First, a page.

If it seems like more people – your son, your granddaughter, the neighbor kid down the block – have a food allergy, it isn’t your imagination.
Doctors are diagnosing and treating more patients with food allergies, says Dr. Benjamin Davis, an allergist with the University of Iowa Hospitals and Clinics.
“It’s a phenomenon that is true not just for food allergies, but for allergies in general,” Davis says.
While experts aren’t sure why food allergies are on the rise, research suggests it is related to what’s called the “hygiene hypothesis,” Davis says.
“This hypothesis states that as a society, we are becoming too clean, and we are losing a lot of natural infections that are immune systems are taught or developed on. So people are more inclined to develop things like allergies, when there immune system goes a little haywire,” Davis says.
There’s also a possibility, Davis says, that physicians may have contributed to the problem. Back in the 1990s and early 2000s, doctors advised parents to avoid highly allergenic foods in infants’ diets.
“Now there’s been really strong evidence to support that was bad advice and that, in fact, the earlier we introduce the food into the diet, the less likely it will be allergic to a person,” Davis says.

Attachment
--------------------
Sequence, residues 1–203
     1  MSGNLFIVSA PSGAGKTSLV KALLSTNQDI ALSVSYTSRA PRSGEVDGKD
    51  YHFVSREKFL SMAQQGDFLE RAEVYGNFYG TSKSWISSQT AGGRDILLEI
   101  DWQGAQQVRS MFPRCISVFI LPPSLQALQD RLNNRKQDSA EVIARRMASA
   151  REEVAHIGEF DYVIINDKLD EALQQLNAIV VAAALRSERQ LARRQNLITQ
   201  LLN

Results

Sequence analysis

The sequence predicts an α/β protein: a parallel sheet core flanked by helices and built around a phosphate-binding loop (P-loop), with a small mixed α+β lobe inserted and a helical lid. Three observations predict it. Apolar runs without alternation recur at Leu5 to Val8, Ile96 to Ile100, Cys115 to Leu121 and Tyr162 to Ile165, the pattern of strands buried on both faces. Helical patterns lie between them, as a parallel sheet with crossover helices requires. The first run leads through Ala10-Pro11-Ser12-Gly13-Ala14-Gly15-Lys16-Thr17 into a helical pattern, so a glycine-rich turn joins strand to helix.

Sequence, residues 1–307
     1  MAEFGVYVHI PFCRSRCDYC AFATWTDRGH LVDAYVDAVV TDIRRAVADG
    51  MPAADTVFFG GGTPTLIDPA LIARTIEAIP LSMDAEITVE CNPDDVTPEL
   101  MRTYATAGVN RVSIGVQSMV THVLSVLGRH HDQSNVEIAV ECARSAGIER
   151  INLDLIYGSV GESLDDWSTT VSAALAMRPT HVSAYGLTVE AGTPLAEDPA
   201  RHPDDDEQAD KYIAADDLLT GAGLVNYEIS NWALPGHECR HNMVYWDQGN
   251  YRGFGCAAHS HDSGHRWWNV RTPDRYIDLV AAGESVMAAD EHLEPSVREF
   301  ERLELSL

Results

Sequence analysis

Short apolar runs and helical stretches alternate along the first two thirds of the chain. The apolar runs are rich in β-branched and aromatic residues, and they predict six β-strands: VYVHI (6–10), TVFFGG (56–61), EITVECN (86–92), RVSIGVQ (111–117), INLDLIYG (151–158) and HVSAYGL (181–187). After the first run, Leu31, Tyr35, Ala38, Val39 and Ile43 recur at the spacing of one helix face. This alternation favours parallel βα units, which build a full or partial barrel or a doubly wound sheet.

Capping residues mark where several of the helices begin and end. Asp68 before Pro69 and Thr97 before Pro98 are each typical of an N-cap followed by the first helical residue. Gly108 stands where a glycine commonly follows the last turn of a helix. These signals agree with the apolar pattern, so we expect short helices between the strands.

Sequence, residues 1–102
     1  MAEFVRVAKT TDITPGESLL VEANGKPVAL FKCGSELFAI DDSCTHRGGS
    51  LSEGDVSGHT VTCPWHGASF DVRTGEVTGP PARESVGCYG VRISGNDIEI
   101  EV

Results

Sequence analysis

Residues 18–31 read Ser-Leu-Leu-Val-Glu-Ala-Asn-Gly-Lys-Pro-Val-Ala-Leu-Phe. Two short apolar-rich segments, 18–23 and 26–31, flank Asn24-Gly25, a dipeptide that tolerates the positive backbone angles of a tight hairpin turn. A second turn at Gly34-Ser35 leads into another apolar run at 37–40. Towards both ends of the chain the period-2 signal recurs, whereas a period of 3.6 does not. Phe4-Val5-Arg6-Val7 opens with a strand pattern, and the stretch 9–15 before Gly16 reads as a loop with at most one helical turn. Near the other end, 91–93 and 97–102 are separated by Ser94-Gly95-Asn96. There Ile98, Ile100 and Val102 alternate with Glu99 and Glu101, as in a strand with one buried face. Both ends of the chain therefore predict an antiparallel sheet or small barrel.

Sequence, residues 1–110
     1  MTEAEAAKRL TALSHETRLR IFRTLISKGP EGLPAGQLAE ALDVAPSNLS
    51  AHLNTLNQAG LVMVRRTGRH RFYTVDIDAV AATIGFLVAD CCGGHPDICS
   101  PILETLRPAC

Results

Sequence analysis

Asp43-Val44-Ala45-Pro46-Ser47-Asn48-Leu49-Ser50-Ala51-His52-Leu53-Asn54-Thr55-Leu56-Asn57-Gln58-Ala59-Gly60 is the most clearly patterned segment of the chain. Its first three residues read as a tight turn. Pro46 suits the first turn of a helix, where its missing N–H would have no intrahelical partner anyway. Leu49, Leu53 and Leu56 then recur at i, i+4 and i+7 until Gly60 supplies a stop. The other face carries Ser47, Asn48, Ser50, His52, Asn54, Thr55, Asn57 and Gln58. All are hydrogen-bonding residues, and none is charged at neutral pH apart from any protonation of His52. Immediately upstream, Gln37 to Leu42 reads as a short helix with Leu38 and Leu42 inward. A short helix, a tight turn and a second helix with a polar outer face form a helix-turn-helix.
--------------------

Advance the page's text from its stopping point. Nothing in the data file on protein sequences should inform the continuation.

Pediatricians now recommend that parents introduce some allergic foods, like peanuts and eggs, into the diet of infants as young as four to six months, Davis says.
Despite rumors on social media, researchers haven’t found a link between the rise in food allergies and how our food is produced, Davis says.
Specifically, there is no proven connection between food allergies and genetically modified (GMO) foods, he says.
The U.S. Food and Drug Administration requires that scientists who develop GMO foods run tests to make sure they aren’t allergenic.
In the United States, livestock have consumed GMO feed (over 2 trillion meals worth for more than 20 years. Many studies have confirmed that no intact or immunologically reactive protein or DNA has been detected in animal tissue.